Grouping Effects on Foveal Spatial Interactions in Children

Sarah J. Waugh, Monika A. Formankiewicz

Research output: Contribution to journalArticlepeer-review

Abstract

PURPOSE. Grouping of flankers from the target can modulate crowding in adults. Visual acuity in children is measured clinically using charts with targets and different flankers to enhance spatial interactions. We investigated grouping effects on interactions using visual acuity letters, flanked by contours and letters, in children. METHODS. Visual acuity for isolated and flanked letters was measured in 155 three- to 11-year old children and 32 adults. Flankers were one stroke width from the target and were a box or four bars and black or red letters. Magnitudes of interaction were flanked minus isolated logMAR acuities. Psychometric function slopes were also examined. RESULTS. Magnitudes of interaction by contours did not change significantly with age. They were 0.047 ± 0.014 logMAR more with bars than a box. Interaction from flanking letters reduced with age, adults being not different from 9- to 11-year-olds for black and red letter surrounds. It was weaker by 0.033 ± 0.013 logMAR when a black letter was surrounded by red rather than black letters. Psychometric function slopes for visual acuity were steepest for the youngest children (3-5 years). CONCLUSIONS. For contour and letter flankers, grouping effects on interaction magnitude are age independent. Grouping bars into a box forming a single object reduces magnitude of effect. Grouping letter flankers by color and ungrouping them from the target reduce interaction magnitude by ∼8%, suggesting that luminance-defined form dominates. Differently colored letter flankers of high-luminance contrast on acuity charts could draw attention to the target but retain significant interaction strength.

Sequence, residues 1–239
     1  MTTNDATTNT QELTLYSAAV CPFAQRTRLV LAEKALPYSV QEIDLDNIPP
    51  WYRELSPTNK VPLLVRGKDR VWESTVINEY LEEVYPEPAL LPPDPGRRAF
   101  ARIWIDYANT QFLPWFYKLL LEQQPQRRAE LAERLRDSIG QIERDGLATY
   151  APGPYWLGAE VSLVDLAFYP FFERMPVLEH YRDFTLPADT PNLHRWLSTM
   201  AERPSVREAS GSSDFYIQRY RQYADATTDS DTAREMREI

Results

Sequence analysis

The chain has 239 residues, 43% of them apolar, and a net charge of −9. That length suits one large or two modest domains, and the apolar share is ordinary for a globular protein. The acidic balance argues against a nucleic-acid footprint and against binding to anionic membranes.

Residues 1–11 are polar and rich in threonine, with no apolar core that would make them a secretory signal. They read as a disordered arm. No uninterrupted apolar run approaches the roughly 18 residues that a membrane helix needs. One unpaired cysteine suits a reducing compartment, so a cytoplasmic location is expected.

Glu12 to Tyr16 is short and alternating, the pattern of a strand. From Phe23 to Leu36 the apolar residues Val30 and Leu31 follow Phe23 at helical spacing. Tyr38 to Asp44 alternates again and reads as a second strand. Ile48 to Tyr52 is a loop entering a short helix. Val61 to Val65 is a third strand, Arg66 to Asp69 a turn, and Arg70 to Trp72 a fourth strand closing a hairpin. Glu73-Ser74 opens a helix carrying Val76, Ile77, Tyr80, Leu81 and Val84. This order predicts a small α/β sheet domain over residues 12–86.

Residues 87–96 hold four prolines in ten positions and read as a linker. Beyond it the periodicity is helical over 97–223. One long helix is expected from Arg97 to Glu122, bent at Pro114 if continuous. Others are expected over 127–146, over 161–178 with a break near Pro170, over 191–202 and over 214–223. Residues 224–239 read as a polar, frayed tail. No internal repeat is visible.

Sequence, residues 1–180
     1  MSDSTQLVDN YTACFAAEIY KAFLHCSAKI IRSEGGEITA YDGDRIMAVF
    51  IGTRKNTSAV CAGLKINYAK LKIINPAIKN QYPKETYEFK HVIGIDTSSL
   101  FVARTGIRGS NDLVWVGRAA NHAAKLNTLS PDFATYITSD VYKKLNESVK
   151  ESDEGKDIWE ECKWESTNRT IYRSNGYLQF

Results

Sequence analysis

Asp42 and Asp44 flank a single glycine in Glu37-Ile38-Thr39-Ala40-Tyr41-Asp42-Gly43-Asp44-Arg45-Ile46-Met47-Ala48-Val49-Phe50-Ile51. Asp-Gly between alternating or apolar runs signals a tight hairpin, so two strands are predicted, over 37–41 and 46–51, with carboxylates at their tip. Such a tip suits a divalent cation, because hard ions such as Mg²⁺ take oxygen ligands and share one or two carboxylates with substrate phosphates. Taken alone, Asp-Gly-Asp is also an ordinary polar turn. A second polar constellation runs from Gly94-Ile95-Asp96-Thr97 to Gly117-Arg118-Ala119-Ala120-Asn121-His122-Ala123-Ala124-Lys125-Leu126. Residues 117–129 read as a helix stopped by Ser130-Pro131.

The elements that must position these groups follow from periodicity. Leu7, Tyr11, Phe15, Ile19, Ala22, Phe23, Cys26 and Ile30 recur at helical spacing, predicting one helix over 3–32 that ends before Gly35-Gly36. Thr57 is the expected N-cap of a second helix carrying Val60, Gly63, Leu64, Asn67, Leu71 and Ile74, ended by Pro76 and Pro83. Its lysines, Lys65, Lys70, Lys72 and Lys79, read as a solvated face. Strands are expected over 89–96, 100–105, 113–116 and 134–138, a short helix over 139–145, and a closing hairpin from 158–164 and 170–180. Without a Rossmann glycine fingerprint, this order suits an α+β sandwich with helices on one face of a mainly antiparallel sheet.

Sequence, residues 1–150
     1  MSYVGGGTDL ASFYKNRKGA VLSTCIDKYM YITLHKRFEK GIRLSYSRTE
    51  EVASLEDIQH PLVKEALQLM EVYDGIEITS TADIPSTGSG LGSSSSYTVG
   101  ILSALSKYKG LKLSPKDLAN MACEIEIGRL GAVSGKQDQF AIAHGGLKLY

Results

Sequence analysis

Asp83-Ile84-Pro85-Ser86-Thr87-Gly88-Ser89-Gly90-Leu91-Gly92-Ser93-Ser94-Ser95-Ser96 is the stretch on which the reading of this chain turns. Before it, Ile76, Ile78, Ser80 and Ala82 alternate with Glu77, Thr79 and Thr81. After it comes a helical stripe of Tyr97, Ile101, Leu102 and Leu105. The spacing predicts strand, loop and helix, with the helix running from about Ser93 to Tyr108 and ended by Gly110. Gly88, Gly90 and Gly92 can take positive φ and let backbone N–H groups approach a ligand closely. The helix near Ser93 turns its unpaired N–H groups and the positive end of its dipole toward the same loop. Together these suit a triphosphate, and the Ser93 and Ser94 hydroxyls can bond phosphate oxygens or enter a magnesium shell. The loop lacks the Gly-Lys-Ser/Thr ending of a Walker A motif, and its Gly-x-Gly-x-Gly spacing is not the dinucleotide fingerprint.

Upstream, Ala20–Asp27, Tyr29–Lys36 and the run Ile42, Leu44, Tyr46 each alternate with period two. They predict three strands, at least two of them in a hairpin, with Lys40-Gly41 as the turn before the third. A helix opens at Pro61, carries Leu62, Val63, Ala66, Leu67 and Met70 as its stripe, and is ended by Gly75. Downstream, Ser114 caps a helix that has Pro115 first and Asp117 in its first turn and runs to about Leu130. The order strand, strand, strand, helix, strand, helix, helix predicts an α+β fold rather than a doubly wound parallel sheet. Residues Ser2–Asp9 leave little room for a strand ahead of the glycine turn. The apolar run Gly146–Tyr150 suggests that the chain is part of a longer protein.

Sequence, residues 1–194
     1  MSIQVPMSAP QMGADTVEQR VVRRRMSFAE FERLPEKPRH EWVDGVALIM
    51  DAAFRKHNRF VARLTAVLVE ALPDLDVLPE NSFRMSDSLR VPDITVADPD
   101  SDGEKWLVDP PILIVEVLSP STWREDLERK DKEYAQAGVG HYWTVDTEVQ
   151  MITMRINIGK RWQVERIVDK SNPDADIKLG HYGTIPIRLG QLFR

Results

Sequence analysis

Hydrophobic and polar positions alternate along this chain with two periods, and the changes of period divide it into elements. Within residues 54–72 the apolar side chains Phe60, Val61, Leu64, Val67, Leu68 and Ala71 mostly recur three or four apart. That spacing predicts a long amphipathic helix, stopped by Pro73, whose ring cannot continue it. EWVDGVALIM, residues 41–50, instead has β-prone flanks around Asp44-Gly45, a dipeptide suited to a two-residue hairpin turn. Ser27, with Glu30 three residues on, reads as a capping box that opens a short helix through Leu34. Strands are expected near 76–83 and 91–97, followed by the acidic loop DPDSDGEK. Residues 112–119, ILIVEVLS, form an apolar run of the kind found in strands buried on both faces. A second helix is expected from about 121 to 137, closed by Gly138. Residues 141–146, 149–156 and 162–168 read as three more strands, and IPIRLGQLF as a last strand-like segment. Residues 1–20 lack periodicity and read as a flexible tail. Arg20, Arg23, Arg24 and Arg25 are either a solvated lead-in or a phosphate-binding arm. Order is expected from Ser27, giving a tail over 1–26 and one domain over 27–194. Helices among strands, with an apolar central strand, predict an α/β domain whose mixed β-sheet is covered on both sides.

Original languageEnglish
Article number23
Number of pages10
JournalInvestigative Ophthalmology and Visual Science
Volume61
Issue number5
DOIs
Publication statusPublished - 15 May 2020
Externally publishedYes

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